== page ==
Why Buy a Home in Today's Market? It's Getting More Affordable

The $168 billion package signed off on by President Bush earlier this week increased the maximum conforming loan limit up to as much as $729,750, or 125% of the median price. Conforming loan limits are generally set on a statewide level (as opposed to FHA limits which are more local)--HUD has 30 days to determine those loan limits, but this morning the feedback is that for Los Angeles and Orange Counties, the maximum limit may be set! The information should be available by next week. (3/3/08 NOTE: limits may now be set on a county basis, and Los Angeles and Orange Counties may receive the highest loan limit.)

Buyers, it pays to pay attention right now and make plans for yourself. With new rates coming into effect in the very near future, you want to be prepared to take advantage of those lower, former "jumbo" rates which will reduce the monthly payment.

So, with a little help from C.A.R., "Why Buy a Home in Today’s Market?"

1. Interest rates on long-term, fixed, and adjustable mortgages are at historically low levels. The rate on a 30-year, fixed mortgage is hovering just below 6 percent, while, by comparison, interest rates were hitting 8 percent and higher during the last market downturn in the late 1990s, and were between 10 and 12 percent at the height of the last housing boom in the 1980s. Lower interest rates make it easier to qualify for a loan, and your monthly payments are more affordable.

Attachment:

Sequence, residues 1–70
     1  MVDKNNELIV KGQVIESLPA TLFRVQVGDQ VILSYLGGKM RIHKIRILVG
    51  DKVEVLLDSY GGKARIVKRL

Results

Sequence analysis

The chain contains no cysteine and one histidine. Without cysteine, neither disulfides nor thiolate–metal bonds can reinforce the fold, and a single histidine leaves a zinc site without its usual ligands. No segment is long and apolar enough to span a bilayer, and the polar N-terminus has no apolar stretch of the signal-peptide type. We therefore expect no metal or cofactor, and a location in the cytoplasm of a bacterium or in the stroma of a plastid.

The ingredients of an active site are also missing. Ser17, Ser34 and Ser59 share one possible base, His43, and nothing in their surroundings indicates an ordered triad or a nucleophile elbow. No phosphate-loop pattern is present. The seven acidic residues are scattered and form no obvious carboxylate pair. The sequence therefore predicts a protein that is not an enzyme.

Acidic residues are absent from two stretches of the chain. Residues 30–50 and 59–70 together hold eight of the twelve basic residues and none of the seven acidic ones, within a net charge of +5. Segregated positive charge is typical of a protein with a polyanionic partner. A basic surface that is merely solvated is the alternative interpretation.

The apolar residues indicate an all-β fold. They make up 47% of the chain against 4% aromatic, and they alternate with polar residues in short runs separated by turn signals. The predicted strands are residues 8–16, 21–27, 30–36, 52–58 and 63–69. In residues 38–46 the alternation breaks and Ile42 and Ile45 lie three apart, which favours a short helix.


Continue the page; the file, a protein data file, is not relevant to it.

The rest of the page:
2. No one can put a price on the intrinsic value of homeownership. Home prices also reflect financial worth and, the good news is, across California the median sales price for a single-family home has been consistently rising for several decades. The projected median home price for a single-family home in California in 2008, for example, is $553,000. By comparison, the median price in 2000 was $241,350; $193,770 in 1990, and $99,550 in 1980. (source: C.A.R.) Also, "The percentage of households that could afford to buy an entry-level home in California stood at 33 percent in the fourth quarter of 2007, compared with 25 percent for the same period a year ago", according to a report released 2/19/2008 by C.A.R..

3. The length of time a home remains on the market before it is sold has increased from roughly two weeks in 2004 to between eight and nine weeks in 2007. With more homes on the market for longer periods of time, you have more choices when it comes to selecting a home today.

4. The multiple-offer frenzy that dominated the latest housing boom has subsided, and there is less pressure on today’s home buyers to outbid one another. REALTORS® in California reported that in 2007 only 28 percent of homes sold had multiple offers, compared with 57 percent in 2004. (source: C.A.R.)

5. The credit industry crisis that has made securing a home loan difficult for many has led to heightened scrutiny of mortgage lenders. As a result, state and federal agencies have created protections for home buyers that were not in place a year ago.

Buying a home in today’s market may be challenging, particularly for those with credit problems or little saved to put toward a down payment. But there are many factors impacting the current housing market that make buying a home today a viable option.

the above article courtesy of California Association of Realtors.
For a new site to set your own search, register at http://www.longbeachrealestate.listingbook.com/.

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